Mr.         Dutta     also submitted that this point is being raised for the first time in the Appeals and that it had not been taken up before the lower courts. He submitted           that such a          point     should not be allowed to be raised for   the first time in the Appeal.

It is undoubtedly true that this point is being taken up for the first time in the Appeal. However, it is a point of law which would have a bearing on a large number of cases. We, therefore,            permit the Appellants to raise this point. It is a point of law which requires to be decided.

We are unable to accept the arguments of Mr. Sharma and Mr. Rao. Under Section 15 the offence is in respect of “poppy                straw”. Even though the term “poppy husk” has               not been defined in NDPS Act, the term “poppy straw” has                been defined. The term “poppy straw” includes all parts (except the seeds) of the “opium poppy”. “Opium poppy” means  the plant of the species Papaver.             Thus except for the seed all other parts of the plant of the species Papaver would   fall in the             term “poppy straw”. To be noted that parts of   the plant Papaver would fall within the term “poppy straw” even though        no juice has        been extracted therefrom. For an offence           under    Section 15 it is not at all necessary            that “poppy        straw”   should have been used or made into “opium”. For cultivation, producing,                manufacturing, possessing, selling, purchasing, transporting, importing or exporting inter-State or           using                opium there is   a separate offence provided for under Section 18. If the alleged offence is under Section             18, then the question may arise whether    the preparation contained           more than 0.2 per cent of morphine. For an                offence under Section 15, question of   considering whether      the preparation contains more than 0.2 per cent of morphine does not arise. As seen above even though no juice may have been  extracted, so long as it is a           Papaver, it would still be “poppy straw” if it is a part of the plant Papaver.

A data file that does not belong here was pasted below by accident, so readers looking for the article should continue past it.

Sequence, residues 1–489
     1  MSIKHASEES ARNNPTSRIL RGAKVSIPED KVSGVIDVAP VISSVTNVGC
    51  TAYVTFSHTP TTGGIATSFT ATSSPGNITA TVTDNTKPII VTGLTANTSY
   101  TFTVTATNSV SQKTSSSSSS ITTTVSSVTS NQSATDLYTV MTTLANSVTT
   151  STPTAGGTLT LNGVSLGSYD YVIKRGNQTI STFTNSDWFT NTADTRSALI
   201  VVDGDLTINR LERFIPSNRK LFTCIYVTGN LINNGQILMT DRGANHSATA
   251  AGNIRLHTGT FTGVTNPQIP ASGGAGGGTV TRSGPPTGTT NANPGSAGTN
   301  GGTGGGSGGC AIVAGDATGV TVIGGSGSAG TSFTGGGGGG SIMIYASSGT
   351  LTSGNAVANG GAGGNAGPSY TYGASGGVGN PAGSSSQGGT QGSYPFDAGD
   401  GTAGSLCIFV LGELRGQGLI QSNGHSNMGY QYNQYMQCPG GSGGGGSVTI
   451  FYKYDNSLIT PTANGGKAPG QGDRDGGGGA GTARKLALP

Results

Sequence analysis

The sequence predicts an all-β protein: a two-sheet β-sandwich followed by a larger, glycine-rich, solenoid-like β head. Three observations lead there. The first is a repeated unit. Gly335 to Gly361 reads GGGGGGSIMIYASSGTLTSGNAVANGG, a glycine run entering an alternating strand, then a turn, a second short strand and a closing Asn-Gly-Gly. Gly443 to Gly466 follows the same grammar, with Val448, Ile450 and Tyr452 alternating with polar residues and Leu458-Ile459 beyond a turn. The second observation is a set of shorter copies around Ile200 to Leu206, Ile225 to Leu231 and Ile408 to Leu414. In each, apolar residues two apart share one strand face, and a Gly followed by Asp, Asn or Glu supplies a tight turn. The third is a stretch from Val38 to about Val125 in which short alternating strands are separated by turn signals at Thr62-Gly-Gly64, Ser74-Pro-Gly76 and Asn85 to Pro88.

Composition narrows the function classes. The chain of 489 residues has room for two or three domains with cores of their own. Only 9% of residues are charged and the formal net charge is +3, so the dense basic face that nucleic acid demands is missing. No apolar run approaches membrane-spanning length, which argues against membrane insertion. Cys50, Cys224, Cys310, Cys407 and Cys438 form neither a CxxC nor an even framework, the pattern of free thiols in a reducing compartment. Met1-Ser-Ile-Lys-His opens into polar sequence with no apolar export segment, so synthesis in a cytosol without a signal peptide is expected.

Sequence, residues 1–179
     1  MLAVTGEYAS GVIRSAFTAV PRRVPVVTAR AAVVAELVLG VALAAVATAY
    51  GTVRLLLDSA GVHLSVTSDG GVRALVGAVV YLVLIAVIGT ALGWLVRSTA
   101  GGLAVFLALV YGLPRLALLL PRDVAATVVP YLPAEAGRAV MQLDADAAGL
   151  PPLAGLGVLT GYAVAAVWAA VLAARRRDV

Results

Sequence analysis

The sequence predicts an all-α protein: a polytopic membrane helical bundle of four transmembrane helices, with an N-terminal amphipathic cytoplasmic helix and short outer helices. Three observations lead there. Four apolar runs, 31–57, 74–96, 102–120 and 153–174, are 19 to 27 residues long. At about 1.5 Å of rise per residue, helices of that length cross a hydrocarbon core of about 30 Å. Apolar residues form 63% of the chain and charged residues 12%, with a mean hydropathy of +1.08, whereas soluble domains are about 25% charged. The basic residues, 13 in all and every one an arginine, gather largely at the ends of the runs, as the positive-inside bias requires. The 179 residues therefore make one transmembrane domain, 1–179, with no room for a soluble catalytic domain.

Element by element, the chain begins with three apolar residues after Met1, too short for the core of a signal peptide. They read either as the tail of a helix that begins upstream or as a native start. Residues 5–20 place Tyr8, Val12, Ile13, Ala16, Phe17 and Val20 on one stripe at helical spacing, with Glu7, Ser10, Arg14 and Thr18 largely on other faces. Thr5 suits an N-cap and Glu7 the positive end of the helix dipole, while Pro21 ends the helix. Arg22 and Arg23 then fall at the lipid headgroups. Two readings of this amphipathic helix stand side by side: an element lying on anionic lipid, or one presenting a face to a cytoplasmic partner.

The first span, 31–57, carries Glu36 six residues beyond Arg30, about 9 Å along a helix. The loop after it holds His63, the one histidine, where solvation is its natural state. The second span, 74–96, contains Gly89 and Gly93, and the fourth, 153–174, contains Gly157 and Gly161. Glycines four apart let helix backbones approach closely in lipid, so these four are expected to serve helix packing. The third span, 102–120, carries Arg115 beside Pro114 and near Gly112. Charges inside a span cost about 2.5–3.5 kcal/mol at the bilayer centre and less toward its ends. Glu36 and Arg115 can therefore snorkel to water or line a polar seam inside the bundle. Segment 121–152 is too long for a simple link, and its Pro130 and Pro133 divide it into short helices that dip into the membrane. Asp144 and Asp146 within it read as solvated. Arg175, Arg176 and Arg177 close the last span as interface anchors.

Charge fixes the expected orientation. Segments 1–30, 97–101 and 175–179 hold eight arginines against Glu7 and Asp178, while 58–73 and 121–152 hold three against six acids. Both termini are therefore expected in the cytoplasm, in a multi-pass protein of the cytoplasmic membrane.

The        Modi’s Text        Book of Medical Jurisprudence & Toxicology says that    a poppy seed is used in foods , sprinkled over sweets and also yields a bland oil, which is used for culinary and lighting purposes. It is because of this that a seed has been excluded from the definition of poppy straw.         Poppy seed could be used in food or Indian sweets         or made into oil, which is largely used for culinary and lighting purposes only after it is de-husked. Thus the seed would be separated from the husk. The definition of husk as given in Webster’s Dictionary, shows that the   husk is any covering, especially when it is comparatively worth less. The husk whether it is on the seed or is removed from the seed remains a part of the plant Papaver. In the commentaries on NDPS Act by Mr. P.K.      Jain it is set         out that crushed capsules of poppy of commonly called “poppy husk” or “bhuki” whether extracted or not and that     they contain       a certain percentage of morphine and are often used as addiction producing intoxicants.              Thus it would     fall within            the definition    of the term “poppy straw”, which includes all parts of the plant Papaver. While seed            has been specifically excluded husk has not been excluded, from the definition of the term “poppy straw”. Therefore, in our view the producing, possessing, transporting, importing, exporting inter- State, selling, purchasing, using or omitting to warehouse poppy husk would be an offence under Section 15 inasmuch as poppy husk would fall within the term poppy straw as used in that Section.

In            this view of the matter the Appeals        would stand dismissed.

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Section 15 of the NDPS Act speaks about punishment for contravention in relation to poppy straw. As per sub-section (a) where the contravention involves small quantity, the rigorous imprisonment may extend to six months or with fine which may extend to ten thousand rupees or with both whereas under sub- section (b) where the contravention involves quantity lesser than commercial quantity but greater than small quantity, rigorous imprisonment may extend to 10 years and with fine which may extend to one lakh rupees. Sub-section (c) provides that where the contravention involves commercial quantity, the rigorous imprisonment shall not be less than 10 years but which may extend to 20 years and shall also be liable to fine which shall not be less than one lakh rupees but which may extend to two lakh rupees. – owner of the car which was involved in the offence, possession of commercial quantity, FSL report which shows that the contraband is poppy straw and is a prohibited item, we are in entire agreement with the conclusion arrived at by the trial Court and affirmed by the High Court. Further, taking note of the fact that the quantity involved is 70 kgs. of poppy straw which is more than a commercial quantity, the Special Judge rightly imposed minimum sentence and fine in terms of Section 15(c) of the NDPS Act. We are in agreement with the said conclusion.

ndps act